The Public Safety community has come together over a most important issue: Obtaining the needed spectrum, funding, and governance structure to build and operate a nationwide, fully interoperable, broadband network to add data and video capabilities to its existing voice and slow-speed data capabilities. Today’s commercial networks offer these services but are not built to be mission-critical, which is a requirement of the Public Safety community. This paper discusses the issues and the differences between the U.S. Senate bi-partisan approach and the U.S. House of Representatives’ majority leadership approach to solving this problem. Click here to download the full document.
Sunday, September 11th, marks the 10 Year Remembrance of a day when our country changed forever.
On 9/11, hundreds of our nation’s firefighters, police officers and paramedics lost their lives, largely because they did not have a reliable network over which they could communicate during the largest terror attack in our country’s history.
A decade later, our first responders still do not have the tools needed to protect the public.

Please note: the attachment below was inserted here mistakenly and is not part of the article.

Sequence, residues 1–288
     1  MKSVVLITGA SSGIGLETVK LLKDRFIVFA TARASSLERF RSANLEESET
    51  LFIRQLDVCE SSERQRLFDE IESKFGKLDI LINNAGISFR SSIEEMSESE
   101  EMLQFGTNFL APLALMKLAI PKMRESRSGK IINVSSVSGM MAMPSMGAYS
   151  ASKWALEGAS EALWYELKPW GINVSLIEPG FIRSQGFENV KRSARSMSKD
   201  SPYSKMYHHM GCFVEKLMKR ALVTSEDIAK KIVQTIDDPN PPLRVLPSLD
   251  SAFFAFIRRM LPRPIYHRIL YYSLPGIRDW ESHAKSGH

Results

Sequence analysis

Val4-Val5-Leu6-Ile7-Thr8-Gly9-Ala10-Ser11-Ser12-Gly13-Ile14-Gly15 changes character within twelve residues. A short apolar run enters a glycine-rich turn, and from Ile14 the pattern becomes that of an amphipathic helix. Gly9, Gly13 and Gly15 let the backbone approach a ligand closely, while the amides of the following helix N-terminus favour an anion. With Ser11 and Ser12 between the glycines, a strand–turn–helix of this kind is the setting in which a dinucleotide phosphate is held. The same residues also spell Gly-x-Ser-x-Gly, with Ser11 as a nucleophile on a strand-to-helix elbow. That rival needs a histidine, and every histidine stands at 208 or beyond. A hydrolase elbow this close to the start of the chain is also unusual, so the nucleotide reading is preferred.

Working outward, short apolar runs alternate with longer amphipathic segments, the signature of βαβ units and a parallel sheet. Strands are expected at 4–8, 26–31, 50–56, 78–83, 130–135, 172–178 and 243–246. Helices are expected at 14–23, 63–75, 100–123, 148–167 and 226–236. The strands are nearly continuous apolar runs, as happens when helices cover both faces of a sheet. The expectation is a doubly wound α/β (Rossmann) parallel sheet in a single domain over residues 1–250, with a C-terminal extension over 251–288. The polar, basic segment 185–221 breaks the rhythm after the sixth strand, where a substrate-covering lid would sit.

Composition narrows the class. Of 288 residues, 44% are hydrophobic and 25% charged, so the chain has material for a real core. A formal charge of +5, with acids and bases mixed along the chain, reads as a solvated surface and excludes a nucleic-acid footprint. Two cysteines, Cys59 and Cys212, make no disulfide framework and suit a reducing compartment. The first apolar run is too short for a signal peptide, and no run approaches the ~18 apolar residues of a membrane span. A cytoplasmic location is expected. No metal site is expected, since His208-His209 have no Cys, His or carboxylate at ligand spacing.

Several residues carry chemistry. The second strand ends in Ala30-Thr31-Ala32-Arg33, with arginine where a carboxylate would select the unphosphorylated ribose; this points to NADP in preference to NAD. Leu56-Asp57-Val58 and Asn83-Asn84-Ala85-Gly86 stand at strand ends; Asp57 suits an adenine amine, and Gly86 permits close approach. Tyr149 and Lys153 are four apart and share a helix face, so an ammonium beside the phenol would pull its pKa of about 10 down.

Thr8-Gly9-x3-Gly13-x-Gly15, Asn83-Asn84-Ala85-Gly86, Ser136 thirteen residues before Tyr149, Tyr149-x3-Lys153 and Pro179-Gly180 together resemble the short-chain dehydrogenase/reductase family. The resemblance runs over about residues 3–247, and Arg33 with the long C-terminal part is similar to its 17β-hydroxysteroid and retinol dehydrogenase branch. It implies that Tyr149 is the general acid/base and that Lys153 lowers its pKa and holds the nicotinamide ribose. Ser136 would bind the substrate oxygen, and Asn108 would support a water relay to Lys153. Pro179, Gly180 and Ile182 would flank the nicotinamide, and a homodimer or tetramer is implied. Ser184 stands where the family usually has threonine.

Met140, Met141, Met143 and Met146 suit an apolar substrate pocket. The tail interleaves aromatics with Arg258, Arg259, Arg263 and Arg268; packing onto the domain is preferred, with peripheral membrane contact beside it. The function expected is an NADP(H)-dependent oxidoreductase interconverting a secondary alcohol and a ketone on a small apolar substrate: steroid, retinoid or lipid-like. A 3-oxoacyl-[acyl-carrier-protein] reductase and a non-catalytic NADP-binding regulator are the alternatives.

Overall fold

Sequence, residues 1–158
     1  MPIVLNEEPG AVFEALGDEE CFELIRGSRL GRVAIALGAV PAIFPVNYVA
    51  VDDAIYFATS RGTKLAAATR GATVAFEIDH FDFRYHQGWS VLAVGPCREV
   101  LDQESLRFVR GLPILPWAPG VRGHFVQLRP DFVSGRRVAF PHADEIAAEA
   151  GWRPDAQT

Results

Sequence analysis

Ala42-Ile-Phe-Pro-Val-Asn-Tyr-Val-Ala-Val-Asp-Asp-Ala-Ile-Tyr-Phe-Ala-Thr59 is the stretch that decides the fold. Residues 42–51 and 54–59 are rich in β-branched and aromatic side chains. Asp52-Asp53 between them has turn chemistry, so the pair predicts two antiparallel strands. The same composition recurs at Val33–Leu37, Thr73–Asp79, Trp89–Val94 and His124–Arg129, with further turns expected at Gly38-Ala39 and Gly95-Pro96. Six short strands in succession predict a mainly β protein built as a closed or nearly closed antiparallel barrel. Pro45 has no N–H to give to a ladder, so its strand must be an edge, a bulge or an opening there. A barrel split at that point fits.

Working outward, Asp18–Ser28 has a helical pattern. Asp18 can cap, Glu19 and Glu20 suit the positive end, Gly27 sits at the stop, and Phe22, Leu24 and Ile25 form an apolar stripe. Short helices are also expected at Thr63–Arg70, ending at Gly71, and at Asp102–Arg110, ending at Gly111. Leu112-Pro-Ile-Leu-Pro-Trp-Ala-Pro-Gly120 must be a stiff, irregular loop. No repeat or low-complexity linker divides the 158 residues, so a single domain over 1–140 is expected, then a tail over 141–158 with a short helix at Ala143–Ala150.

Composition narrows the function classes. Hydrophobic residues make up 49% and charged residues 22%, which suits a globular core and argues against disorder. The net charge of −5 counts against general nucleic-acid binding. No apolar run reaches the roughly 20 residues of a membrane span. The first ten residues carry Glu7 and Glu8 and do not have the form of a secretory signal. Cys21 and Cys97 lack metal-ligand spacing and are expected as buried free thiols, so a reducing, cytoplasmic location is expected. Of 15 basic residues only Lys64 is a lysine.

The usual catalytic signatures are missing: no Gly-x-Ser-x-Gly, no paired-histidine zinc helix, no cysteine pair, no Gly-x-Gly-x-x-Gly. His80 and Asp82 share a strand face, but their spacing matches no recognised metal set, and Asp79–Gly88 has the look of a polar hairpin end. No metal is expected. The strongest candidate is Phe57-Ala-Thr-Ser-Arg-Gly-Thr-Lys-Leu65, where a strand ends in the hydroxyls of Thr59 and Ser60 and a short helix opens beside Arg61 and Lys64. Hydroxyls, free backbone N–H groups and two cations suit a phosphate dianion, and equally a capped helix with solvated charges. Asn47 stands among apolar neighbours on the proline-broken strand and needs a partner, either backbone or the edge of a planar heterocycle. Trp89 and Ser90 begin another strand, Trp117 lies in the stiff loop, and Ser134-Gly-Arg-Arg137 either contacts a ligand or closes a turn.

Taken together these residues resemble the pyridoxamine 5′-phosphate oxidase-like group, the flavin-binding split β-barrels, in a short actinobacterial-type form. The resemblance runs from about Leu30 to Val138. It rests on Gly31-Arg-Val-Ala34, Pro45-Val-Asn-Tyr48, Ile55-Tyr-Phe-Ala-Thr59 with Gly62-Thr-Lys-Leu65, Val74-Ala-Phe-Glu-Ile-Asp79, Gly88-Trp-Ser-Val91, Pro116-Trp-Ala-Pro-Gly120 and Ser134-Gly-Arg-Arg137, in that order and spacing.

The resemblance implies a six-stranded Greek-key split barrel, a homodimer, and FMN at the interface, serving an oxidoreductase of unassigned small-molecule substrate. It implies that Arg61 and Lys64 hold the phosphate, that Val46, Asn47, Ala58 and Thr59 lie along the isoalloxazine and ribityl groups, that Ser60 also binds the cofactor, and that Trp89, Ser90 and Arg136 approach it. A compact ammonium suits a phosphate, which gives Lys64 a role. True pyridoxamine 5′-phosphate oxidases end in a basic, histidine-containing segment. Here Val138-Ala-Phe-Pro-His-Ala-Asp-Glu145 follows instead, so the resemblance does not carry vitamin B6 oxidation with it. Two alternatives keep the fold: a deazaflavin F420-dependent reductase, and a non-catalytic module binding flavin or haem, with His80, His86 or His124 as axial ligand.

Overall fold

Some in Congress and on the House Energy and Commerce Committee are pointing to a March 18, 2011 memo from the Congressional Research Service (CRS)1 to assert that the Public Safety Community has wasted more than $13 billion in federal grants for radio communications systems since 2001. In reality, the grants have totaled less than $4 billion and they have, in fact, provided for a higher level of Public Safety interoperability than ever before. In order to fully understand the impact of these grants, it is important to understand the many and varied issues that must be addressed if the ultimate goal of nationwide interoperability is to be achieved for both voice and data services for Public Safety.